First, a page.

In this issue, O'Mahony et al. (1) targeted CTL–associated antigen 4 (CTLA-4) in previously vaccinated solid tumor patients using the human anti–CTLA-4 antibody ipilimumab (MDX-010). Ipilimumab, together with a second human anti–CTLA-4 antibody, ticilimumab, are currently in phase 3 clinical trials in a number of cancers. The study was a single center, open-label pilot phase II trial consisting of 11 patients, 4 with non–Hodgkin's lymphoma immunized to tumor-specific idiotype, 4 with prostate cancer immunized using a poxvirus vector encoding prostate-specific antigen, and 3 with colon cancer immunized using a mutated ras peptide–pulsed dendritic cell vaccine, all of whom failed tumor-specific vaccination therapy. Patients received four cycles of ipilimumab, an initial dose of 3 mg/kg i.v. followed by three monthly doses of 1.5 mg/kg. The primary end point of the study was to assess ipilimumab toxicity at the specified dosing schedule. Overall, ipilimumab was well tolerated with a number of grade 1 and 2 toxicities possibly related to treatment. Patients with more advanced metastatic disease manifested grade 3 and 4 toxicities likely attributable to their advanced disease rather than ipilimumab treatment. One patient with advanced metastatic colon cancer died within 30 days of treatment due to disease progression. Tumor responses were limited to two patients with non–Hodgkin's lymphoma who experienced limited tumor regression at selected metastatic sites. No objective tumor responses were seen in the patients with prostate or colon cancer.
In addition to evaluating ipilimumab toxicity and tumor response, the secondary end points of the study were aimed at elucidating the effects of anti–CTLA-4 on relevant immune variables. These included the effects of ipilimumab on the number of peripheral CD4+CD25+ regulatory T cells (Tregs) and the activation of peripheral vaccine-specific CD8+ effector T cells.
CTLA-4 Regulates Immune Responses
The adaptive immune response requires two signals between the antigen-presenting cells (APC) and the effector T cell as shown in Fig. 1. The primary signal is mediated by the T cell receptor and the specific antigenic peptide presented in the context of MHC class I or class II molecules expressed on the APC surface, whereas the secondary signal is mediated through constitutively expressed costimulatory molecules on the T cell (CD28) and the APC (B7.1/CD80 or B7.2/CD86). The presence of both signals triggers intracellular events resulting in the activation and interleukin (IL)-2–dependent clonal proliferation of T cells expressing T cell receptor specific for the presented antigen. Unchecked, T cell proliferation can lead to autoimmunity and even death. The immune system has evolved homeostatic mechanisms that down-regulate this clonal expansion, which include the up-regulation of CTLA-4 (2). Activated T cells up-regulate surface CTLA-4, which has a higher affinity for B7.1 and B7.2 than CD28, effectively competing for B7.1 and B7.2 binding and inducing inhibitory signals in effector T cells. This leads to the dampening of the effector T cell response.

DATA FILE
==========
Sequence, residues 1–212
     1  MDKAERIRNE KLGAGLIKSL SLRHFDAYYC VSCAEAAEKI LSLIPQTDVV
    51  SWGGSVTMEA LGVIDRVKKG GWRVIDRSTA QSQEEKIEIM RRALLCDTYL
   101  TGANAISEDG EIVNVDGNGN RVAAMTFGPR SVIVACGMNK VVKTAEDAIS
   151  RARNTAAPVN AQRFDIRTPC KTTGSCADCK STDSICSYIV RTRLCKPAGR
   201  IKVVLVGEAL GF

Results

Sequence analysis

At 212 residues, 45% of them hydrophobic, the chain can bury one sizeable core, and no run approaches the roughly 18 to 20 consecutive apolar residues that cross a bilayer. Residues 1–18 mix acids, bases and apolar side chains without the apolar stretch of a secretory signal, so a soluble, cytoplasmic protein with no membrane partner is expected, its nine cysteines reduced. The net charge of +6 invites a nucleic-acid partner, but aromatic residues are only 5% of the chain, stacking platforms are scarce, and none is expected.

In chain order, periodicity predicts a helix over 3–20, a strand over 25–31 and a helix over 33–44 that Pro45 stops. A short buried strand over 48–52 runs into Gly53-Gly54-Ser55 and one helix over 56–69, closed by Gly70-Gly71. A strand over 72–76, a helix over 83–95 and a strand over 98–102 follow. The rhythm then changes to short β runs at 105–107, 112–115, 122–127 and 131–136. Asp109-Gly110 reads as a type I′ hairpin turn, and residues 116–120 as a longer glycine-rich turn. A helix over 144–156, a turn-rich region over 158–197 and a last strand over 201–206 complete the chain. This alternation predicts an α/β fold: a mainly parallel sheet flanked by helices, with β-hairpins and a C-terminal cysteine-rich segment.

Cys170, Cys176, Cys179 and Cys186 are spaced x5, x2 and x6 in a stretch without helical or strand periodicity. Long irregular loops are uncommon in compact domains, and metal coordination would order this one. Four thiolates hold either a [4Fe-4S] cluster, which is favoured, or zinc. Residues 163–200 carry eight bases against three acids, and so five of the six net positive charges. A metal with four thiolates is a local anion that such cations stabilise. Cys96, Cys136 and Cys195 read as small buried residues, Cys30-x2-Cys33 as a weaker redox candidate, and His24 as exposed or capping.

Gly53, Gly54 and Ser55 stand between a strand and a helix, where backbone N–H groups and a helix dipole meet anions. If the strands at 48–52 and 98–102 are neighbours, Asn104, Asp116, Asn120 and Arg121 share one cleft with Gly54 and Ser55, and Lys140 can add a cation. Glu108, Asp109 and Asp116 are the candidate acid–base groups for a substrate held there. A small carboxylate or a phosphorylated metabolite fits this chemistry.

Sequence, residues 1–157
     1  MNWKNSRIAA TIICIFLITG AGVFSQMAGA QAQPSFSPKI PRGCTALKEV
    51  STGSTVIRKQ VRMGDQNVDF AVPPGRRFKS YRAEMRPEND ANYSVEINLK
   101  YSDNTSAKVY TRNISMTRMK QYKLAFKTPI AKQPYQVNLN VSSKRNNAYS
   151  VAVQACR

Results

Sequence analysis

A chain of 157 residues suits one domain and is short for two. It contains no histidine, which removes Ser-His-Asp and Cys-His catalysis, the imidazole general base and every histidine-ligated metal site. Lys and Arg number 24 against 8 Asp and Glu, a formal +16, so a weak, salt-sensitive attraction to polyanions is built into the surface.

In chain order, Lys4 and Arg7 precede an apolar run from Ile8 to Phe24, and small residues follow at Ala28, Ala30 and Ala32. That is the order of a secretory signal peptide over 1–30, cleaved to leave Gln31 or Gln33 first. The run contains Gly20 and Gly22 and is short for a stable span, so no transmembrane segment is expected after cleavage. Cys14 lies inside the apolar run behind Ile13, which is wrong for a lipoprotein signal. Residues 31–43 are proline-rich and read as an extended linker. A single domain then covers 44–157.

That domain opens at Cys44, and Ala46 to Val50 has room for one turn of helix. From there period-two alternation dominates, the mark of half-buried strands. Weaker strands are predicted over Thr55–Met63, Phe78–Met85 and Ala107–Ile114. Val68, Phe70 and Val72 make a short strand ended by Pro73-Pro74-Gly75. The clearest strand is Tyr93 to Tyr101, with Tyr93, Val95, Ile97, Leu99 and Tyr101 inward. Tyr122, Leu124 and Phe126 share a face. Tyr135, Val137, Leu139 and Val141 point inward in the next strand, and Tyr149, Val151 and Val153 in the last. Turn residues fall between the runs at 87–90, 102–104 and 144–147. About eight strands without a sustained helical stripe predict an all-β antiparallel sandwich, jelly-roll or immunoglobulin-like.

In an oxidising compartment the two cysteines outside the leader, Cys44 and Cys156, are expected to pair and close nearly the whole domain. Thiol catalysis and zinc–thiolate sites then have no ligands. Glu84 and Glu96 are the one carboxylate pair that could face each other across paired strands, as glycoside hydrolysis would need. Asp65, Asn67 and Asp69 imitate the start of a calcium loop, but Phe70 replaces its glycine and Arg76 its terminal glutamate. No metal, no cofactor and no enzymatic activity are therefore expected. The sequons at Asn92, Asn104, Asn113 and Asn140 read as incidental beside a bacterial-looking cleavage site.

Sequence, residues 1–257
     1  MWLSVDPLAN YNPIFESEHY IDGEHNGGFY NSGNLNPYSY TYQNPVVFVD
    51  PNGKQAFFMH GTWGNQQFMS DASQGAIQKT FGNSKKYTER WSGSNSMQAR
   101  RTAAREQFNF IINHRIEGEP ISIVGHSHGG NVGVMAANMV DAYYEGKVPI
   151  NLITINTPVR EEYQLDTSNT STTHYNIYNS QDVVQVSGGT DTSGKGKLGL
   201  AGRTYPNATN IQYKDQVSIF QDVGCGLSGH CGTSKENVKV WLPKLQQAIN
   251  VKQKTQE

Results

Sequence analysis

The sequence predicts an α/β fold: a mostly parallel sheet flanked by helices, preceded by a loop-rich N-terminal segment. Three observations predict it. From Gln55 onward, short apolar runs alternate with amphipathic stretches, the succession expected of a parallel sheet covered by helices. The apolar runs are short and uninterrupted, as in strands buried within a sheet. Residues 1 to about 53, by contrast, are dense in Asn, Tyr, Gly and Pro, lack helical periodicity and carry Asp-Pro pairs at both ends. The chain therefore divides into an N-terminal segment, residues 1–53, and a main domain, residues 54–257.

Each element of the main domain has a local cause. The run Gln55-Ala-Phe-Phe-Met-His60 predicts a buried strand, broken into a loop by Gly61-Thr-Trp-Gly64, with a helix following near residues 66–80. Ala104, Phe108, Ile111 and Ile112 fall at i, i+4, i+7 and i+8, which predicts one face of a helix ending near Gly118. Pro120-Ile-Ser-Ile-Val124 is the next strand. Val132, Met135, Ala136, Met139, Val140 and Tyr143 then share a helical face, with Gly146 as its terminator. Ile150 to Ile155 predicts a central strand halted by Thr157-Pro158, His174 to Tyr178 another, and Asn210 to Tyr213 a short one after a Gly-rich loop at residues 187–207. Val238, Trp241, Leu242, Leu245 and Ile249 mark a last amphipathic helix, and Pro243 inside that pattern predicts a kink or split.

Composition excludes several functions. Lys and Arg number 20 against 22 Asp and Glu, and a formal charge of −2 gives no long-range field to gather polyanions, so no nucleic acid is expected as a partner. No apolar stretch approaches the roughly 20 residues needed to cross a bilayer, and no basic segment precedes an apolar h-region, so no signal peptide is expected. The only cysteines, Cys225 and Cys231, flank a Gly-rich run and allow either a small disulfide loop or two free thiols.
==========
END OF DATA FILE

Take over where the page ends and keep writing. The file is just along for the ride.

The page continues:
In addition to well-documented tumor escape mechanisms such as the down-regulation of surface MHC class I molecules and cytokine-mediated reduced responsiveness to tumor-associated antigens (TAA), the findings in both preclinical and clinical studies that treatment with anti–CTLA-4 is associated with enhanced T cell responses and antitumor activity have validated it as a target for immunotherapy (3–6). In addition to activity seen when used as a single agent, preclinical studies combining anti–CTLA-4 with vaccine (7), and reports of enhanced immune and tumor responses in patients previously treated with vaccine support its use following vaccine treatment (8).
O'Mahony et al. discuss two general mechanisms by which CTLA-4 blockade may generate antitumor responses. The first is mediated through CTLA-4 blockade on tumor-specific effector T cells (CTL) discussed above, resulting in an increased propensity for clonal activation and expansion. Consistent with this mechanism, Maker et al. recently provided evidence that treatment with ipilimumab in patients with metastatic melanoma or metastatic renal cancer increased the numbers of activated effector cells among peripheral blood mononuclear cells (9). The second possible mechanism is mediated through CTLA-4 targeted depletion of tumor-induced Tregs, which act to inhibit immune responses against TAA. Depletion of Tregs is proposed to overcome nonresponsiveness to TAA and allow the generation of tumor-specific responses. This is the hypothesis favored by O'Mahony et al. and forms the basis for the discussion of CTLA-4 in the context of tumor-associated Tregs.